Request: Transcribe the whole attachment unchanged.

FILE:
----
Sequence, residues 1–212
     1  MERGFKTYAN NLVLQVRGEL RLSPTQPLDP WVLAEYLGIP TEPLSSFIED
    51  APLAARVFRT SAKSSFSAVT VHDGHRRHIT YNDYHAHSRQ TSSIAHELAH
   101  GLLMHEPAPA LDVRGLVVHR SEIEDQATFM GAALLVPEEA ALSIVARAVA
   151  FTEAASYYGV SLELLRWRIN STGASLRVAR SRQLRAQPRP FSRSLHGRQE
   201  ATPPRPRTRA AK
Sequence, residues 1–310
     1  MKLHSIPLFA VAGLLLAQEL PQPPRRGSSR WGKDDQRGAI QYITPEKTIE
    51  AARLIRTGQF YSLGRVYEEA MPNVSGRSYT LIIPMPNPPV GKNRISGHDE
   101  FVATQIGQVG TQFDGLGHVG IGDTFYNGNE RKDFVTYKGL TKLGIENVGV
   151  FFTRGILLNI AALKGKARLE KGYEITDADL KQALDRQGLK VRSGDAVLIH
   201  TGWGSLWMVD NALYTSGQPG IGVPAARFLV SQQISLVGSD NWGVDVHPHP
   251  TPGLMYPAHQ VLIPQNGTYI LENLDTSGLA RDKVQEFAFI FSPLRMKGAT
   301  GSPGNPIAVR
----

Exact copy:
Sequence, residues 1–212
     1  MERGFKTYAN NLVLQVRGEL RLSPTQPLDP WVLAEYLGIP TEPLSSFIED
    51  APLAARVFRT SAKSSFSAVT VHDGHRRHIT YNDYHAHSRQ TSSIAHELAH
   101  GLLMHEPAPA LDVRGLVVHR SEIEDQATFM GAALLVPEEA ALSIVARAVA
   151  FTEAASYYGV SLELLRWRIN STGASLRVAR SRQLRAQPRP FSRSLHGRQE
   201  ATPPRPRTRA AK
Sequence, residues 1–310
     1  MKLHSIPLFA VAGLLLAQEL PQPPRRGSSR WGKDDQRGAI QYITPEKTIE
    51  AARLIRTGQF YSLGRVYEEA MPNVSGRSYT LIIPMPNPPV GKNRISGHDE
   101  FVATQIGQVG TQFDGLGHVG IGDTFYNGNE RKDFVTYKGL TKLGIENVGV
   151  FFTRGILLNI AALKGKARLE KGYEITDADL KQALDRQGLK VRSGDAVLIH
   201  TGWGSLWMVD NALYTSGQPG IGVPAARFLV SQQISLVGSD NWGVDVHPHP
   251  TPGLMYPAHQ VLIPQNGTYI LENLDTSGLA RDKVQEFAFI FSPLRMKGAT
   301  GSPGNPIAVR